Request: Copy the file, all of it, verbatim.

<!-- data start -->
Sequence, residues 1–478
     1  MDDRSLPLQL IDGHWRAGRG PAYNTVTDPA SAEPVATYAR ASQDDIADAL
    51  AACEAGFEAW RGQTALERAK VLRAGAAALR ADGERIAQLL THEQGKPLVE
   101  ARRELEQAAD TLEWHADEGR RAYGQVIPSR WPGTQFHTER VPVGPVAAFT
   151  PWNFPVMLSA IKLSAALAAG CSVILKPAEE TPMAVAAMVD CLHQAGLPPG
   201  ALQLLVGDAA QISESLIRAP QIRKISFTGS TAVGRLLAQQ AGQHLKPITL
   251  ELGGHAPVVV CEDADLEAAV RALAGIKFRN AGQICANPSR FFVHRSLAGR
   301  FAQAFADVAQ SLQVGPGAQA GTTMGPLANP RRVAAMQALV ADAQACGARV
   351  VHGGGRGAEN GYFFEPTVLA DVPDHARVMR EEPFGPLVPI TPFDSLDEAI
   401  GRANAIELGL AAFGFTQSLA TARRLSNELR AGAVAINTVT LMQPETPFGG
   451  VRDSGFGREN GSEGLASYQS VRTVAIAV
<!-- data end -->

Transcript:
Sequence, residues 1–478
     1  MDDRSLPLQL IDGHWRAGRG PAYNTVTDPA SAEPVATYAR ASQDDIADAL
    51  AACEAGFEAW RGQTALERAK VLRAGAAALR ADGERIAQLL THEQGKPLVE
   101  ARRELEQAAD TLEWHADEGR RAYGQVIPSR WPGTQFHTER VPVGPVAAFT
   151  PWNFPVMLSA IKLSAALAAG CSVILKPAEE TPMAVAAMVD CLHQAGLPPG
   201  ALQLLVGDAA QISESLIRAP QIRKISFTGS TAVGRLLAQQ AGQHLKPITL
   251  ELGGHAPVVV CEDADLEAAV RALAGIKFRN AGQICANPSR FFVHRSLAGR
   301  FAQAFADVAQ SLQVGPGAQA GTTMGPLANP RRVAAMQALV ADAQACGARV
   351  VHGGGRGAEN GYFFEPTVLA DVPDHARVMR EEPFGPLVPI TPFDSLDEAI
   401  GRANAIELGL AAFGFTQSLA TARRLSNELR AGAVAINTVT LMQPETPFGG
   451  VRDSGFGREN GSEGLASYQS VRTVAIAV